Title of Oral/Poster Presentation

Running in REM Cycles: Escapism in French Postwar Cinema

Presenter Information

Danielle GreenFollow

Class

Article

Graduation Year

2017

College

College of Humanities and Social Sciences

Department

English Department

Faculty Mentor

Brian McCuskey

Presentation Type

Poster Presentation

Abstract

This essay examines critiques of escapist entertainment in the postwar films Le Silence de La Mer (1949), a drama by Jean-Pierre Melville, and La Vache et le Prisonnier (1959), a comedy by Henri Verneuil. Their directorial choices acknowledge the power, even shortcomings of escapism through entertainment. Overall, Melville and Verneuil are arguing that escapism can feel like living in a dream that we are too scared to wake up from. In their argument, Melville and Verneuil use cyclical narrative structures to symbolize their characters’ psychology, a tactic that frames Le Silence and La Vache into France’s postwar culture. In a side-by-side comparison, the repetitive narrative structure of Le Silence and La Vache demonstrates that there was no escape from the war, mentally or physically. In addition to the films’ structures, their inverted genre conventions are also didactic. They send a message to the audience that a story’s resolution does not translate to reality, and sometimes, after much effort, resolution cannot be attained. The unfulfilling character arcs for each main character, Werner and Charles, are evidence of this grounded commentary on escapist entertainment. In addition to being similar, these character arcs reflect a continuation of one narrative. Despite being in two different genres, Charles’s struggle is a sequel to Werner’s. This comprehensive examination of the two films describes the several different layers of escapism that French postwar cinema either presented or critiqued.

Location

North Atrium

Start Date

4-13-2017 12:00 PM

End Date

4-13-2017 1:15 PM

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Apr 13th, 12:00 PM Apr 13th, 1:15 PM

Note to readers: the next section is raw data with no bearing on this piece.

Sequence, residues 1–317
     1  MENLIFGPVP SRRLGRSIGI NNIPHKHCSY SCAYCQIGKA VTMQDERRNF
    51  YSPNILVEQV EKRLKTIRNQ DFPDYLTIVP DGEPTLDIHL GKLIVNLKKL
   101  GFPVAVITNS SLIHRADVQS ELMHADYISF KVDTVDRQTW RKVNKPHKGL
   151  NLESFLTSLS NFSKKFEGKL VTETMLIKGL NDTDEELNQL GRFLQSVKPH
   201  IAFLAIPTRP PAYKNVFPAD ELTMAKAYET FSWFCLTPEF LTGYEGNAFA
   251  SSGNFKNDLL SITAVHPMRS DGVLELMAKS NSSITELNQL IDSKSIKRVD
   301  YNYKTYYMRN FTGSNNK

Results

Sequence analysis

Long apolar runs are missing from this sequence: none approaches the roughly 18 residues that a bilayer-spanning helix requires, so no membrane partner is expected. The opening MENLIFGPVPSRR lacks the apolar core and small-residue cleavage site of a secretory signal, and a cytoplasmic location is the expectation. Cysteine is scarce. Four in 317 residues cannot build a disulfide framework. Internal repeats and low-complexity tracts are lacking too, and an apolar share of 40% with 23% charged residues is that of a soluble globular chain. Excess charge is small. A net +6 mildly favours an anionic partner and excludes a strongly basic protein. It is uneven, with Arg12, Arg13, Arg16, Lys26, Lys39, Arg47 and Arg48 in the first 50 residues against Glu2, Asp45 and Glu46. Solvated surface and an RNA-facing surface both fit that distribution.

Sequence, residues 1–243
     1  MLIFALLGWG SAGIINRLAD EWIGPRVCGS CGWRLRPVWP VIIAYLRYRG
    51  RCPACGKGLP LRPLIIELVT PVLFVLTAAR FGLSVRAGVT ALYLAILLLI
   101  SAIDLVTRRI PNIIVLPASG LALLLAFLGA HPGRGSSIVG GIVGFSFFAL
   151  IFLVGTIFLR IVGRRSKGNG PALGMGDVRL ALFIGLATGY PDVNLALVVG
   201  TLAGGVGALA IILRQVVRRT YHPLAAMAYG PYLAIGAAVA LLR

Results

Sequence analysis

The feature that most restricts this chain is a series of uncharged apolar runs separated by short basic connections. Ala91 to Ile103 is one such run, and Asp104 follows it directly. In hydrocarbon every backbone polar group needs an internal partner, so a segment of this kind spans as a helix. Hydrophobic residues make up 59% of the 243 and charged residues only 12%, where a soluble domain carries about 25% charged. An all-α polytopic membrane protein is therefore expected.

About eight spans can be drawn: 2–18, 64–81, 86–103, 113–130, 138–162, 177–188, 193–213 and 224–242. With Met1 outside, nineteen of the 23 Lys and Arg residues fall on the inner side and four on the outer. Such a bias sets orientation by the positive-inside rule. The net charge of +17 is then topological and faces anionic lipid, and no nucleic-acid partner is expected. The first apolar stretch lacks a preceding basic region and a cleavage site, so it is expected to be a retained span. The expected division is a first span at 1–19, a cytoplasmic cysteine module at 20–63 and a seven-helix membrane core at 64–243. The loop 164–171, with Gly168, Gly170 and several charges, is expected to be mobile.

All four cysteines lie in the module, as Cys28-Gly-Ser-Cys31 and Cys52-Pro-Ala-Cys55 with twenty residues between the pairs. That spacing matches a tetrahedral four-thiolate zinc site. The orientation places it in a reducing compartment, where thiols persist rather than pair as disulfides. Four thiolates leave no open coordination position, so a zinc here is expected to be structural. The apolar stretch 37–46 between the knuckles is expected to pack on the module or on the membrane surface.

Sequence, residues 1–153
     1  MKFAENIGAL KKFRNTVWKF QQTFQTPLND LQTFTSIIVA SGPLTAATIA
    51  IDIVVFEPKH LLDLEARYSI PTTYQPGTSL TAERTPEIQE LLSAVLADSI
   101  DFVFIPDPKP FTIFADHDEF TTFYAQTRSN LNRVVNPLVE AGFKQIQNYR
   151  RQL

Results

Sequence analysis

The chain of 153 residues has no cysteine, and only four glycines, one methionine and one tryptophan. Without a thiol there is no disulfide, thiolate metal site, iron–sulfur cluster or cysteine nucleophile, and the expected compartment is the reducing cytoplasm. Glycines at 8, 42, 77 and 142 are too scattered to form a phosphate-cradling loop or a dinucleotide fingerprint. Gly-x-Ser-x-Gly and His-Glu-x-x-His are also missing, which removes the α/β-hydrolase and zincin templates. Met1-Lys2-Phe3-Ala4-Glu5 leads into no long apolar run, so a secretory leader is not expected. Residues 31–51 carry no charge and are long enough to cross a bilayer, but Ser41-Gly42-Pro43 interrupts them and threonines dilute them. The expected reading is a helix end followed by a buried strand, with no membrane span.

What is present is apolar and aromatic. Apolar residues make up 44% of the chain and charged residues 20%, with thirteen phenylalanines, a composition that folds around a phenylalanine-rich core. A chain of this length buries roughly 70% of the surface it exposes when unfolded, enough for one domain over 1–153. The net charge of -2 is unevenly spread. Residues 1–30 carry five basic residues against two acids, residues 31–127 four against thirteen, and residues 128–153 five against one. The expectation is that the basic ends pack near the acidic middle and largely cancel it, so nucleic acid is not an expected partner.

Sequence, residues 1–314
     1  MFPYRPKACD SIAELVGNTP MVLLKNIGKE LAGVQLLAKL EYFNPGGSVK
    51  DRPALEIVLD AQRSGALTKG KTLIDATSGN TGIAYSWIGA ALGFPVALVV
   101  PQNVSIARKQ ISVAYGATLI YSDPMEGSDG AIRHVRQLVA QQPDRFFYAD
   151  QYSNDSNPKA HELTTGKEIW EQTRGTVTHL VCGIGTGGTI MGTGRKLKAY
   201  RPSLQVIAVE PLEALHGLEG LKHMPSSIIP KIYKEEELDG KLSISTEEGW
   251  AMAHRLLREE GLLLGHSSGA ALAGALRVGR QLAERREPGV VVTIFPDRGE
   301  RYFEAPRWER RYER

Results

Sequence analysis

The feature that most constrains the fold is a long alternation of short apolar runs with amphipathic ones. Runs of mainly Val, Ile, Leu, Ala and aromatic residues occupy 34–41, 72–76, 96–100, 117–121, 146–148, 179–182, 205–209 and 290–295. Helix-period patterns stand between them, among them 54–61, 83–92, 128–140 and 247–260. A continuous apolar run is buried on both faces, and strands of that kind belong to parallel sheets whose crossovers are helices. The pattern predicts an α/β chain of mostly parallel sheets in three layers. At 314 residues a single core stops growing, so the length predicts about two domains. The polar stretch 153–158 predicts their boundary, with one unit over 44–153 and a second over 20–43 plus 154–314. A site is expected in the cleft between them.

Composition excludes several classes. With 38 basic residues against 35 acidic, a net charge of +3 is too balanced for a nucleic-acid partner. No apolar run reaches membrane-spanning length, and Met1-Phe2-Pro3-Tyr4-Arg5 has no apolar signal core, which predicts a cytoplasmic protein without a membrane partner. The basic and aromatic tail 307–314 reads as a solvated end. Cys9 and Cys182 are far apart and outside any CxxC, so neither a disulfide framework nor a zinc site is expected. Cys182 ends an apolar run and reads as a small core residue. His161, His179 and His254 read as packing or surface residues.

Running in REM Cycles: Escapism in French Postwar Cinema

North Atrium

This essay examines critiques of escapist entertainment in the postwar films Le Silence de La Mer (1949), a drama by Jean-Pierre Melville, and La Vache et le Prisonnier (1959), a comedy by Henri Verneuil. Their directorial choices acknowledge the power, even shortcomings of escapism through entertainment. Overall, Melville and Verneuil are arguing that escapism can feel like living in a dream that we are too scared to wake up from. In their argument, Melville and Verneuil use cyclical narrative structures to symbolize their characters’ psychology, a tactic that frames Le Silence and La Vache into France’s postwar culture. In a side-by-side comparison, the repetitive narrative structure of Le Silence and La Vache demonstrates that there was no escape from the war, mentally or physically. In addition to the films’ structures, their inverted genre conventions are also didactic. They send a message to the audience that a story’s resolution does not translate to reality, and sometimes, after much effort, resolution cannot be attained. The unfulfilling character arcs for each main character, Werner and Charles, are evidence of this grounded commentary on escapist entertainment. In addition to being similar, these character arcs reflect a continuation of one narrative. Despite being in two different genres, Charles’s struggle is a sequel to Werner’s. This comprehensive examination of the two films describes the several different layers of escapism that French postwar cinema either presented or critiqued.